Sports: Diego Maradona, One Of Soccer’s Greatest Players, Is Dead At 60
by Diego Santizo, Sports Editor
Very few people in any generation possess the power to make the world hold its breath. Maradona, who died last Wednesday at the age of 60, was one of them.
Diego Maradona, the Argentine who became a national hero as one of soccer’s greatest players, performing with a roguish cunning and extravagant control while pursuing a personal life rife with drug and alcohol abuse and health problems, died on Wednesday in Tigre, Argentina, in Buenos Aires Province.
The news fell like a hammer blow to a nation beaten down by months of economic crisis and the coronavirus pandemic, but one where football is seen as a remedy for all ills.
His spokesman, Sebastián Sanchi, said the cause was a heart attack. Maradona had undergone brain surgery several weeks ago.
Devoted fans around the world paid tribute to soccer legend Diego Maradona last Wednesday from his home country of Argentina, to his adopted home in Italy, where he led football club Napoli to their first ever Italian league title in 1987.
In Naples, fans left flowers and candles outside his former team’s stadium, which the city’s mayor said should be renamed after Maradona.
And in Argentina, where the government has declared three days of mourning, fans gathered outside his childhood home near Buenos Aires to pay tribute.
Tributes have flooded in with former clubs and players past and present paying their respects as well.
Fellow Argentine Lionel Messi, whom many saw as the modern-day Maradona, said it was a “very sad day.”
“He leaves us but he doesn’t go anywhere because Diego is eternal. I keep all the beautiful moments lived with him and I wanted to send my condolences and best wishes to all of his friends and family,” Messi wrote on Instagram.
Pelé, another legend of the game, tweeted: “I have lost a great friend and the world lost a legend. There is still much to be said, but for now, may God give strength to his family members. One day, I hope, we will play football together in heaven.”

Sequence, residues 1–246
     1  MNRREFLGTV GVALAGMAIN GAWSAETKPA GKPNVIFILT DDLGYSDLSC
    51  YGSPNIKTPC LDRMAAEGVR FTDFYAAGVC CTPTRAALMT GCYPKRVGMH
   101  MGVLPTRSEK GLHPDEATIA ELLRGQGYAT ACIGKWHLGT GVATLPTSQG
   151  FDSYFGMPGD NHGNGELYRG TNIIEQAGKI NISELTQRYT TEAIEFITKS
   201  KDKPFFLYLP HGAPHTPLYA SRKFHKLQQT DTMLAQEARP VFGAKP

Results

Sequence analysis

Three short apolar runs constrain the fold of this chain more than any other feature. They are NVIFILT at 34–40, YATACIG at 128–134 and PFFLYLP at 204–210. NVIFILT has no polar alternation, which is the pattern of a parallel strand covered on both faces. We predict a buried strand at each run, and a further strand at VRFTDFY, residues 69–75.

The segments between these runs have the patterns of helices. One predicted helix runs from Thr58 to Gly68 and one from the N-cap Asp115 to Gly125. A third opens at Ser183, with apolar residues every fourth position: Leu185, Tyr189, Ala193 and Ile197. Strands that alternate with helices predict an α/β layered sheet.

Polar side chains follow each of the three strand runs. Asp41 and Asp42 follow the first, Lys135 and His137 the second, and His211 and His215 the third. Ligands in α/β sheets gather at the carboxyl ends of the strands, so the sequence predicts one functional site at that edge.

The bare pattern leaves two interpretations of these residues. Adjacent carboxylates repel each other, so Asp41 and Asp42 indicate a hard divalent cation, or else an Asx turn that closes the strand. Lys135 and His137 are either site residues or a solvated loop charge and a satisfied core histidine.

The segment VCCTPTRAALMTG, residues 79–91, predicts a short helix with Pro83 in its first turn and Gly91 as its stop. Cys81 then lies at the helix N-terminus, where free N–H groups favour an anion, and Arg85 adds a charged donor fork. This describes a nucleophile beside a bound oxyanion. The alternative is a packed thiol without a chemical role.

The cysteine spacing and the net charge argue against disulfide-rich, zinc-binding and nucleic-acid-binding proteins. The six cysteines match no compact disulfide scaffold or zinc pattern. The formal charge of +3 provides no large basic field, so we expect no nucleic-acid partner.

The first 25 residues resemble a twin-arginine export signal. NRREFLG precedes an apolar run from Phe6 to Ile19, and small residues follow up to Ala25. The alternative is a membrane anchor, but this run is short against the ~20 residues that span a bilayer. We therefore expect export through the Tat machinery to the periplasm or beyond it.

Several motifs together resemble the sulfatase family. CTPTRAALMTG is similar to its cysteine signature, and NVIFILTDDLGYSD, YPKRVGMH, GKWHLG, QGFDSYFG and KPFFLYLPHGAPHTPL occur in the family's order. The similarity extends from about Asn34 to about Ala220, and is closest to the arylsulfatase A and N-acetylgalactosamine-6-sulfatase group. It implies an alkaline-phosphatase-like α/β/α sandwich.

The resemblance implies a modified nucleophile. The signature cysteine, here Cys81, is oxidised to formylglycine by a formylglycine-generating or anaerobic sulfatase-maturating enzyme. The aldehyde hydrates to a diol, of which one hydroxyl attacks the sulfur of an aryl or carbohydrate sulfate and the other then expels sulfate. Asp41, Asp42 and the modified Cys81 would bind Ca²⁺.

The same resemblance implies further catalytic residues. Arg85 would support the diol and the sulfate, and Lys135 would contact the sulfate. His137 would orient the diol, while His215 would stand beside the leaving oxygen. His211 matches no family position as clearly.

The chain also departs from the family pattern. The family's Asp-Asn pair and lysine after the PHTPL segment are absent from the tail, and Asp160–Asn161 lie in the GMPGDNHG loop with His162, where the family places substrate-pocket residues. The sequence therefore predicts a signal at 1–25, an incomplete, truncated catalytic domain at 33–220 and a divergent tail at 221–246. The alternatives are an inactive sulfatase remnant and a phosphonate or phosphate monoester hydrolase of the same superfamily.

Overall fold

Meanwhile, Juventus star Cristiano Ronaldo said goodbye to an “eternal genius.”
“One of the best ever. An unparalleled magician. He leaves too soon, but leaves a legacy without limits and a void that will never be filled. Rest in peace, ace. You will never be forgotten,” Ronaldo wrote on Twitter.
FIFA President Gianni Infantino called Maradona “simply immense” and said “he deserves our eternal gratitude.”
“Our silence, our tears, our pain is the only thing we are feeling deep inside us at this time,” he said.
Pope Francis has also commented on the matter as a Vatican spokesman said Pope Francis “looks back with affection to the occasions of encounter in recent years and remembers it in prayer, as he has done in recent days since he learned of his health conditions.”
Maradona broke into professional soccer with Boca Juniors but went on to play for leading European clubs such as Barcelona and Napoli.
He won two Serie A titles with the Italian side which tweeted “Forever. Goodbye Diego” along with a blue heart.
When Maradona joined Napoli, one newsreader remarked, “the poorest city in Italy buys the most expensive player in the world.”
He was ranked with Pelé among the best, and his ability to surprise and startle won over fans and even critics. But his excesses and addictions darkened his legacy.
One of the most gifted soccer players in history, Maradona’s pinnacle of glory came when he captained Argentina to win the World Cup in 1986 before plunging to misery when he was kicked out of the 1994 World Cup for doping.
Years of drug use, overeating and alcoholism truncated a stellar career and altered his appearance from the lithe athlete who could slalom effortlessly through teams to a bloated addict who nearly died of cocaine-induced heart failure in 2000.
But he reinvented himself in a stunning comeback in 2008 as coach of the Argentina team, persuading managers that with sheer charisma he could inspire the team to victory, despite a lack of coaching experience.
The death of Maradona has now triggered a criminal investigation, and his personal doctor, Leopoldo Luque, appears to be in the crosshairs of the probe.
Police in Argentina have searched the house and private clinic of Luque, just 4 days after Maradona’s death.
Around 60 officers conducted the raids at the two locations, according to local reports, and left with medical records. Prosecutors are looking into how Maradona was treated in his final days, and are investigating Luque for negligence that could result in possible manslaughter charges. Luque is cooperating with authorities, he said at an emotional press conference later Sunday.
“I know what I did. I know how I did it,” Luque said while choking back tears, adding that he was not Maradona’s chief physician but rather a member of a team of doctors that had been treating the icon since his Nov. 3 operation. “I am absolutely sure that I did the best for Diego, the best I could.”
Maradona became a godlike figure in his home country after leading Argentina to the 1986 World Cup title, but the battles he faced with health and addiction problems would follow him everywhere after his career ended in 1997. At the time of his passing, he was the head coach of Argentine Primera Division club Gimnasia.